There is also a genetic component to synesthesia. It has been suggested that synesthesia is hereditary with ~40% of synesthetes reporting having a first-degree relative who has the same condition (Brang & Ramachandran, 2011). In fact, the rapid development of DNA sequencing techniques has already led researchers to fish out some genes that are associated with synesthesia by studying the entire set of genes that could code for proteins from three families that have sound-color synesthesia (Tilot et al., 2018).
Synesthesia is very complex as all stunning tricks of the brain are. Genetics and the resulting over-connectivity may be the basis that provides the necessary condition for developing synesthesia, but how synesthesia pans out for different individuals might also be influenced by experience and learning. There is a case study (Ward & Simner, 2003) about a man who could “taste” words. To this man, the word “parents” tastes like apple, “academy” tastes like chocolate, “this” tastes like “bread soaked in tomato soup” and “safety” tastes like “toast lightly buttered”.
The question is, why do these words taste the flavor that they do? For example, wouldn’t it make more sense if “academy” tastes like bitter black coffee? To approach this problem, researchers hunted for a pattern underlying the word-flavor pairs. It was found that there are phonemes (i.e. units of sounds) that were critical and determined what a word would taste like. These critical phonemes often come from the name of a food. For example, post, past, coast, most all tasted like toast for this synesthete, and the word toast itself tastes like toast. There are more examples like this: union tastes like onion and Barbara tastes like rhubarb. Importantly, this suggests that learnt verbal meanings could affect how synesthesia is manifested. But as always, there are irregularities that the researchers cannot yet account for. For instance, why don’t the words host and boast taste like toast as well? Why would the sequence of phonemes matter (why do fox and scoff taste different when they are made up of the same set of phonemes)?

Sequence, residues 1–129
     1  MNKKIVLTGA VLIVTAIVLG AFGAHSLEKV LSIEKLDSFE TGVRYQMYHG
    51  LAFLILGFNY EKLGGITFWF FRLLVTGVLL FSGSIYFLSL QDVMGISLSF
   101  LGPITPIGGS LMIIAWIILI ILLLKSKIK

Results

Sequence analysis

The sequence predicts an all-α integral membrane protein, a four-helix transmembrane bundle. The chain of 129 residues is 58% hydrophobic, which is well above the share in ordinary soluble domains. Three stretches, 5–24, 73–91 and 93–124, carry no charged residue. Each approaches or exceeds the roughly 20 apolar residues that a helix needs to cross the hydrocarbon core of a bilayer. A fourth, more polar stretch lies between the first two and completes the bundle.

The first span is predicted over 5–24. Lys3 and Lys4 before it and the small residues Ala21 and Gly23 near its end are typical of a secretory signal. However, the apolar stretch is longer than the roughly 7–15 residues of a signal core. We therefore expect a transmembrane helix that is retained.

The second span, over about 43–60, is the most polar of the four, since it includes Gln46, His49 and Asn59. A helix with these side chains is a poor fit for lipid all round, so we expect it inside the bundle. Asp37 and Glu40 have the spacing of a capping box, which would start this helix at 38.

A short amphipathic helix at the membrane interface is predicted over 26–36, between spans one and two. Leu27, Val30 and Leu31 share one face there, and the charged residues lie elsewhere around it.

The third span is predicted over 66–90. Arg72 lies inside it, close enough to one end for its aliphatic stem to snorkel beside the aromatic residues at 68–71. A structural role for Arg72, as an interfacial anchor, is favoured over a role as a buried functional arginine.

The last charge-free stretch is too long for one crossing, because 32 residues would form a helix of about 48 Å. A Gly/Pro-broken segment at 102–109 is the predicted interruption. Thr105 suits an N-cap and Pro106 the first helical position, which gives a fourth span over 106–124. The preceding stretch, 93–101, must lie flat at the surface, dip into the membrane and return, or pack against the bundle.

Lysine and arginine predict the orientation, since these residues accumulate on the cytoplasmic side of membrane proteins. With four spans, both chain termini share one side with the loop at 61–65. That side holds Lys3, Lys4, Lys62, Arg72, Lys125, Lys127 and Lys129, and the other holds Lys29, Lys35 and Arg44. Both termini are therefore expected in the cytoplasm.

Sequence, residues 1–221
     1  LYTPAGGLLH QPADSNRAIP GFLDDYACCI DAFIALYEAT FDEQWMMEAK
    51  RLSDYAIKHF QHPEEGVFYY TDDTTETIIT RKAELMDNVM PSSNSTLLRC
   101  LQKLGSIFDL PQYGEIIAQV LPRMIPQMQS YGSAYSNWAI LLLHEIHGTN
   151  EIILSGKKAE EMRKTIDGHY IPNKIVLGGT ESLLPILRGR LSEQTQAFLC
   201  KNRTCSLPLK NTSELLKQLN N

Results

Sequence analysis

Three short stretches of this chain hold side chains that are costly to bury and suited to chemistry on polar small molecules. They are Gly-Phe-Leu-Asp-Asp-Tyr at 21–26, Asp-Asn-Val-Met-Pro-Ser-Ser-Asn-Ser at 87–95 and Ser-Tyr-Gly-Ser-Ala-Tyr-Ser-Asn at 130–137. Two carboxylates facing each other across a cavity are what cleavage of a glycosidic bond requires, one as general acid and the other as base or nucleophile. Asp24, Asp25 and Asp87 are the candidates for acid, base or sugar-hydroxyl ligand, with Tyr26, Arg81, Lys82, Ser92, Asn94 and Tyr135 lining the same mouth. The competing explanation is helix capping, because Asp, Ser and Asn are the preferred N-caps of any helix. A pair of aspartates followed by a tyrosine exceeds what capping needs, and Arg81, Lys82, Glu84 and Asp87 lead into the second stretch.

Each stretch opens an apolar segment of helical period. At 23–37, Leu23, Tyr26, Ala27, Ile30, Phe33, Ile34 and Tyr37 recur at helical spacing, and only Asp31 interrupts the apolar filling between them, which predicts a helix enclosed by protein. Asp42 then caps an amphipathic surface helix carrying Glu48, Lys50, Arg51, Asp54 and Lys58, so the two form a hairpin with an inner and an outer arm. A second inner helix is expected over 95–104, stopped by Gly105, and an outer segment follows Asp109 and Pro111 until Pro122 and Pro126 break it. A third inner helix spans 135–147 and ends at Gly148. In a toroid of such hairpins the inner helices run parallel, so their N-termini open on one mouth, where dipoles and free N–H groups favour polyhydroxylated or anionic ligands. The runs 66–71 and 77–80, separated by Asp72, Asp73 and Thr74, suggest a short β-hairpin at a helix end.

There are still a lot of mysteries surrounding synesthesia that await a solution. I personally think that synesthesia is the closest that we have to a super power in the real world. I’m not born with over-connected sensory modalities and I’m way past the developmental stage where synesthetic connections are strengthened, so I only get to read a paper as they are, without evoking color sensations or romantic tastes like “lightly buttered toast”. But maybe one day my dream would come true, where there will be candies that can conjure up all sorts of sceneries like the snowcap of Mount Fuji and the clouds suffused with blazing orange at dusk.
Banissy, M. J., Jonas, C., & Cohen Kadosh, R. (2014). Synesthesia: an introduction. Frontiers in Psychology, 5, 1414. https://doi.org/10.3389/fpsyg.2014.01414
Brang, D., & Ramachandran, V. S. (2011). Survival of the synesthesia gene: why do people hear colors and taste words? PLoS Biology, 9(11), e1001205–e1001205. https://doi.org/10.1371/journal.pbio.1001205
Nunn, J. A., Gregory, L. J., Brammer, M., Williams, S. C. R., Parslow, D. M., Morgan, M. J., … Gray, J. A. (2002). Functional magnetic resonance imaging of synesthesia: activation of V4/V8 by spoken words. Nature Neuroscience, 5, 371. Retrieved from https://doi.org/10.1038/nn818
Sapolsky, R. M. (2017). Behave: The biology of humans at our best and worst.
Tilot, A. K., Kucera, K. S., Vino, A., Asher, J. E., Baron-Cohen, S., & Fisher, S. E. (2018). Rare variants in axonogenesis genes connect three families with sound–color synesthesia. Proceedings of the National Academy of Sciences, 115(12), 3168 LP-3173. https://doi.org/10.1073/pnas.1715492115
Ward, J., & Simner, J. (2003). Lexical-gustatory synaesthesia: linguistic and conceptual factors. Cognition, 89(3), 237–261. https://doi.org/https://doi.org/10.1016/S0010-0277(03)00122-7
Feature image source: Ever Widening Circles